Returning a Bracelet to the Wall

Jeanne and I found it about a year ago in an antique store on Maybank Highway in Charleston, South Carolina.  A Vietnam era POW/MIA bracelet with the name LCDR James Beene and a date, 10-5-1966. It was in a case with old military buttons, medals, and coins. I had worn one of these as a teenager in the 1970’s, albeit with a different name etched on it.DSCN2492

I think that I was initially bothered by seeing it in the display case with a price tag.  This was not, at least to my thinking, something that should be for sale.  After walking around the store and looking at all manner of antique collectibles, I came back to a sales associate and asked for the bracelet.   I didn’t think it was right to leave it sitting in the case.

Perhaps I should explain two things here.  The first is that the idea for these bracelets came from two college students, Carol Bates and Karen Hunter in 1969 as a way to draw attention to the missing men of the Vietnam conflict without getting drawn into the politics of the day.  (You can read more about how the idea of the bracelets became a reality clicking here:  Bracelet ).  The bracelets originally included the name, rank, and date of loss of the service member.  The idea was to wear the bracelet until the person whose name was on your wrist came home. Second, I am the son of a Naval Aviator who served on active duty and in the reserves from the mid-1950s to the mid-1970s. The name on the bracelet, James Beene, was a Naval Aviator, a contemporary of my father’s.  I spent almost 24 years as a naval officer; I feel a connection to anyone who has worn or is wearing the uniform.

Lieutenant Commander James Alvin Beene, USNR was a native of Burbank California. He was a member of Attack Squadron 152, Carrier Air Wing 16 aboard USS ORISKANY (CVA-34). On October 5, 1966, he was the pilot of a Douglas Attack Skyraider (A-1H), serial number 137610, on armed reconnaissance over the coastal area of North Vietnam. His aircraft disappeared after he entered the clouds during the mission.

I was wondering what I should do with the bracelet.  Should I try to return it to the family?  Was there a group to which I could send it? I knew I did not want to put it in a drawer and forget about it. After discussing it with Jeanne, we decided that I should bring it with me on my next trip to Washington, D.C. and leave it at the Vietnam Memorial Wall at the base of the panel that bears LCDR Beene’s name.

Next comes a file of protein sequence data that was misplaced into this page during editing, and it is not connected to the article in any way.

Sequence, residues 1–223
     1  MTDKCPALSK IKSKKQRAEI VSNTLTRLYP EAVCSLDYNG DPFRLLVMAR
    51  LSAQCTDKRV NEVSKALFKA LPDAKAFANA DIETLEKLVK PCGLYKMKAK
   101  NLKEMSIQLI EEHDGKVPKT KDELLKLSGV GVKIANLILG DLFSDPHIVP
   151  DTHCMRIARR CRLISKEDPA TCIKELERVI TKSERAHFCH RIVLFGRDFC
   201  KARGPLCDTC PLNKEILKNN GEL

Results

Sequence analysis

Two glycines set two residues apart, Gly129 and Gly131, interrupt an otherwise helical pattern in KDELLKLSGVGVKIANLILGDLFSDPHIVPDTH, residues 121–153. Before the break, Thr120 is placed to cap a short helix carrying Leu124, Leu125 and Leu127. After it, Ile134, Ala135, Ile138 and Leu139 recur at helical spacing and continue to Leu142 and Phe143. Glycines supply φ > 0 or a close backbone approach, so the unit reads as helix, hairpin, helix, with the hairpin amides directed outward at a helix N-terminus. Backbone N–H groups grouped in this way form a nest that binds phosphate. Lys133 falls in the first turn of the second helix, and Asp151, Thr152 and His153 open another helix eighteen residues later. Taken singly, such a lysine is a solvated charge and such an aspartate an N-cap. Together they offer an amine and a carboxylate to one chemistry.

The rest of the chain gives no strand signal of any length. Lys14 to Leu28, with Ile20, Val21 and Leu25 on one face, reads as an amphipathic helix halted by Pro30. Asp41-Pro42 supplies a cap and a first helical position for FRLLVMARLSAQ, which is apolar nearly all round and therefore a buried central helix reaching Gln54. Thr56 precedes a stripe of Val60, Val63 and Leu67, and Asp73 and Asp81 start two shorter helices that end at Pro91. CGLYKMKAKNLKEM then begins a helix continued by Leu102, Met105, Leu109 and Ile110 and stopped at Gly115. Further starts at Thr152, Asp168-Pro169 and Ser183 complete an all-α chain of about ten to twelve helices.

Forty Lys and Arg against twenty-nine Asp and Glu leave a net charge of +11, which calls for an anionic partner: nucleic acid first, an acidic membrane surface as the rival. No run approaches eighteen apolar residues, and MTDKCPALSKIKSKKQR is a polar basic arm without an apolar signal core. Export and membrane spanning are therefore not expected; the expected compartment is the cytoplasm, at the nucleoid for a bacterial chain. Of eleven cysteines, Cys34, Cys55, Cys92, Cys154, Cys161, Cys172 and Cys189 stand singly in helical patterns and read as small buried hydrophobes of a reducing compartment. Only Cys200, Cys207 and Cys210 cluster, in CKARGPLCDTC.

I know that items left at the Vietnam Memorial Wall are collected, cataloged and conserved.  The collection will serve as part of the display for a planned Visitor Center. Perhaps this bracelet could find a home in that collection.

At the beginning of July, I was scheduled to conduct a brief at the Defense Health Headquarters in Falls Church, Virginia, just outside of Washington, D.C.  I traveled to the area the day before my presentation to give me time to get into the city in the early evening.  There was a METRO station close to my hotel, so I took the train into the city and walked down to the Mall on a hot, humid evening.

I found James A. Beene’s name on panel 11E, row 48.  I carefully laid the bracelet at the base of the wall.  While there, I noticed other things left behind in memory of some of the more than 58,000 names of Americans killed or missing from that conflict.  Along the wall were a few long stemmed roses as well as a handful military medals from the Vietnam era scattered along the base of the Wall.  There were people carefully taking rubbings of names off the wall onto paper provided by volunteers.  There were veterans, in silent contemplation, lingering near panels.

I didn’t want to stay too long. I had delivered the bracelet that I had for almost a year. It was time to wander back to the METRO station at Foggy Bottom and head back to my hotel.  As I walked through the streets of Washington, I couldn’t shake the thought of the loss of all those service men and women in that conflict. Many of the families still do not have answers about their loved ones. We, as a country, owe it to those who gave their lives in service to this nation to gain as full an accounting as is possible. It is the very least we can do for those who gave the last full measure of their devotion.

 

 

 

 

 

Brooklyn Tour

It was my youngest sister’s idea. In recognition of our parents’ 60 years of marriage, we would return to where it all started. Brooklyn! The plan was pretty simple, Mom and Dad would come down from their home in Massachusetts with my sister and meet up with the rest of their children in Brooklyn. I cannot remember the last time we (Mom, Dad, and all six children) were together without spouses and grandchildren in tow.